The Boy Who Cried Wolf Lesson Plan

Instructor: Dana Dance-Schissel

Dana teaches social sciences at the college level and English and psychology at the high school level. She has master's degrees in applied, clinical and community psychology.

The 'Boy Who Cried Wolf' is a popular folktale designed to teach students the importance of honesty. This lesson plan includes a fact-filled text lesson and a fun game designed to ensure that all key points of the story are grasped by students.

Learning Objectives

Upon completion of this lesson, students will be able to:

  • define 'folktale'
  • outline and identify common elements of folktales in The Boy Who Cried Wolf


  • 1 to 1.5 hours

Curriculum Standards


Ask and answer questions to demonstrate understanding of a text, referring explicitly to the text as the basis for the answers.


Recount stories, including fables, folktales, and myths from diverse cultures; determine the central message, lesson, or moral and explain how it is conveyed through key details in the text.


Describe characters in a story (e.g., their traits, motivations, or feelings) and explain how their actions contribute to the sequence of events


Determine the meaning of words and phrases as they are used in a text, distinguishing literal from nonliteral language.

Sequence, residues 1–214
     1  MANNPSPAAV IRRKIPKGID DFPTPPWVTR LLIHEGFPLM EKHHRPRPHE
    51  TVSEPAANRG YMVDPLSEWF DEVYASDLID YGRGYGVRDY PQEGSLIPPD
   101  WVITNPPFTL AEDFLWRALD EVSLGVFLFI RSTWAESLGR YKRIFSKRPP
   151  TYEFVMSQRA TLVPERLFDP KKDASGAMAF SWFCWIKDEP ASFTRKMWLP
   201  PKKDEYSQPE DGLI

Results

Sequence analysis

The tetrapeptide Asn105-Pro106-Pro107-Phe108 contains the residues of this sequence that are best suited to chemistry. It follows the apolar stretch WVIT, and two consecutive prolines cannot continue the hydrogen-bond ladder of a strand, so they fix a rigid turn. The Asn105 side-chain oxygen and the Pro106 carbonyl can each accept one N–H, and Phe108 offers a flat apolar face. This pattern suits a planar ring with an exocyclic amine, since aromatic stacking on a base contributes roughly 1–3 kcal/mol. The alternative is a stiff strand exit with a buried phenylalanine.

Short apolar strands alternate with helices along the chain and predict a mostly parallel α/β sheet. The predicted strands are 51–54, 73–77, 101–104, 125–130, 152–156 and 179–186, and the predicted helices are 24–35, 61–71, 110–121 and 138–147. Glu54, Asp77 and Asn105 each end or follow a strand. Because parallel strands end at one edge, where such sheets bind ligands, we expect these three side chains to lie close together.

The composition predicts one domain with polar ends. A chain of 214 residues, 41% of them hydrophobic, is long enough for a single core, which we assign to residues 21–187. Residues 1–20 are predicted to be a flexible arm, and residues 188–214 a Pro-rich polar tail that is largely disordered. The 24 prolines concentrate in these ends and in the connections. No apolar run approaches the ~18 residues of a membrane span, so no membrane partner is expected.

Refer to parts of stories, dramas, and poems when writing or speaking about a text, using terms such as chapter, scene, and stanza; describe how each successive part builds on earlier sections.


  • Paper copies of the text lesson Folktale Lesson for Kids: Definition & Examples
  • A worksheet created using the quiz associated with the text lesson
  • Copies of the The Boy Who Cried Wolf
  • Dice
  • Circles cut out of paper with a smiley face on one side and a sad face on the opposite side

Key Vocabulary

  • Folktale
  • Moral


  • Begin by passing out the paper copies of the text lesson, one per student.
  • Have the students takes turns reading a few lines each aloud of the 'What are Folktales?' section of the text lesson.
    • What folktales have we heard?
    • What commonalities do these folktales share?
  • Now have the class read the 'Characteristics of Folktales' section of the text lesson.
    • Are the stories always shared orally?
    • What does it mean that they all have a message?
    • To what does the term 'common people' refer?
    • What are some examples of 'supernatural elements' from stories that we've heard?
    • Is a 'moral' the same thing as a message?
  • Instruct the class to read the rest of the text lesson now.
    • How many of us have read 'Hansel and Gretel?'
    • For those of us who have, do we agree with the analysis that was presented in the text lesson?
    • Do all folktales share the purpose of teaching lessons and sharing customs?
  • Pass out the worksheet created using the associated quiz and have students work independently to complete it.

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